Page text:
401609.fig.001
Figure 1: Values are expressed as mean ± SE. Bar graphs show the values of insulin sensitivity index (Si) determined by minimal model analysis. Si levels were significantly lower in type 2 diabetic (T2D) patients with different subtypes of ischemic stroke: atherothrombotic infarction (ATI) and lacunar infarction (LI) compared to T2D patients without ischemic stroke, and the same relationship is found in the respective groups in nondiabetics ( ) (ANOVA test).
401609.fig.002
Figure 2: Values are expressed as mean ± SE. Bar graphs show the values of basal plasma insulin (PI) level. PI levels were higher in type 2 diabetic (T2D) patients with different subtypes of ischemic stroke: atherothrombotic infarction (ATI) and lacunar infarction (LI) compared to T2D patients without ischemic stroke, and the same relationship is found in the respective groups in nondiabetics ( ) (ANOVA).
3.3. Antioxidant Enzyme Activity

When we evaluated antioxidant enzyme activities in T2D patients with ATI (group A) and LI (group B) and without ischemic stroke (group C) and in nondiabetics with ATI (group D) and LI (group E) and healthy controls (group D), we detected the levels of the GSH-Px and GR activity being significantly lower in group A and B versus C and in group D and E versus F (GSHPx: A: versus B: versus C:  U/gHb,   ; D: versus E: versus F:  U/gHb,   ; GR: A: versus B: versus C:  U/gHb, ; D: versus E: versus F:  U/gHb, resp., ) (Figure 3), while the SOD levels did not differ between the investigated groups (A: versus B: versus C: , D: versus E: versus F:  mU/mgHb, resp., ).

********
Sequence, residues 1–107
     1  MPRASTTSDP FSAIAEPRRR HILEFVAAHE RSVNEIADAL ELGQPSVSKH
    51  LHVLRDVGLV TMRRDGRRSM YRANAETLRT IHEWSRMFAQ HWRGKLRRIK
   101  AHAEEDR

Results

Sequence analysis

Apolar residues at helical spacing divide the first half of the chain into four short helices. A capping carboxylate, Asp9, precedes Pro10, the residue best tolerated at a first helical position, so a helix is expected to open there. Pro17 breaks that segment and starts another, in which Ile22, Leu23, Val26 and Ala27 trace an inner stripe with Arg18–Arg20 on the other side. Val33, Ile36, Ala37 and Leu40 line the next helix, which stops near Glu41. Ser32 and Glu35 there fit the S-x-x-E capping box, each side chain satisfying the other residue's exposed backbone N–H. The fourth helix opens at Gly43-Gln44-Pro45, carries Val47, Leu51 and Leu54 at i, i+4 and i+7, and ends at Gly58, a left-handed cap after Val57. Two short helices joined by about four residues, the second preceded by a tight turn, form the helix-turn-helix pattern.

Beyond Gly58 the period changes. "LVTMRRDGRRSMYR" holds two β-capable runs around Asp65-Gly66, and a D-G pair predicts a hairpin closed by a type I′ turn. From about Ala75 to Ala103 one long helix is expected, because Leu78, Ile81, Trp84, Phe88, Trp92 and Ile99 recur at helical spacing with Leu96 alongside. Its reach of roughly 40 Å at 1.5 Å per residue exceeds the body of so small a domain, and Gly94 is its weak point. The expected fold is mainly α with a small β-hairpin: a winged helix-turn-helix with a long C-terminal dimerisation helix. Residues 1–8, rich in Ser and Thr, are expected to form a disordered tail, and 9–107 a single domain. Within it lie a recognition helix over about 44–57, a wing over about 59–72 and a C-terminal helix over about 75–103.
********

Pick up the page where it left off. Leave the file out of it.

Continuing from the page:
401609.fig.003
Figure 3: Values are expressed as mean ± SE. Bar graphs show the values of antioxidant enzyme glutathione peroxidase (GSH-Px) and glutathione reductase (GR) activity. GSH-Px and GR levels were lower in type 2 diabetes (T2D) patients with different subtypes of ischemic stroke: atherothrombotic infarction (ATI) and lacunar infarction (LI) compared to T2D patients without ischemic stroke, and the same relationship is found in the respective groups in nondiabetics (ANOVA test).
3.4. Multiple Logistic Regression Analysis